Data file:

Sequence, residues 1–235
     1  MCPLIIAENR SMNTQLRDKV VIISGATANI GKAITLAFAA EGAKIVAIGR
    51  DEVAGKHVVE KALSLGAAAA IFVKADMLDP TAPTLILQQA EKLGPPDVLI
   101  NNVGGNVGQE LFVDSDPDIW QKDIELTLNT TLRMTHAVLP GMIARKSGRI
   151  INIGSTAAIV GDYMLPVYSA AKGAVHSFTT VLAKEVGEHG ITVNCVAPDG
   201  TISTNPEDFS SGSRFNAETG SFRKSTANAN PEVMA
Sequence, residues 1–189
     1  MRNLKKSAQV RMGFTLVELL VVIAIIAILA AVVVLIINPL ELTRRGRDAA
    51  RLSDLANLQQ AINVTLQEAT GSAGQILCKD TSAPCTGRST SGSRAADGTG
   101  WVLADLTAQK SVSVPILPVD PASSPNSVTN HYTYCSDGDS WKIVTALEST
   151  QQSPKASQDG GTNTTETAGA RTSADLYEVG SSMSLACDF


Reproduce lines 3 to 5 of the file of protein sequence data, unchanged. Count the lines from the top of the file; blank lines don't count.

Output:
    51  DEVAGKHVVE KALSLGAAAA IFVKADMLDP TAPTLILQQA EKLGPPDVLI
   101  NNVGGNVGQE LFVDSDPDIW QKDIELTLNT TLRMTHAVLP GMIARKSGRI
   151  INIGSTAAIV GDYMLPVYSA AKGAVHSFTT VLAKEVGEHG ITVNCVAPDG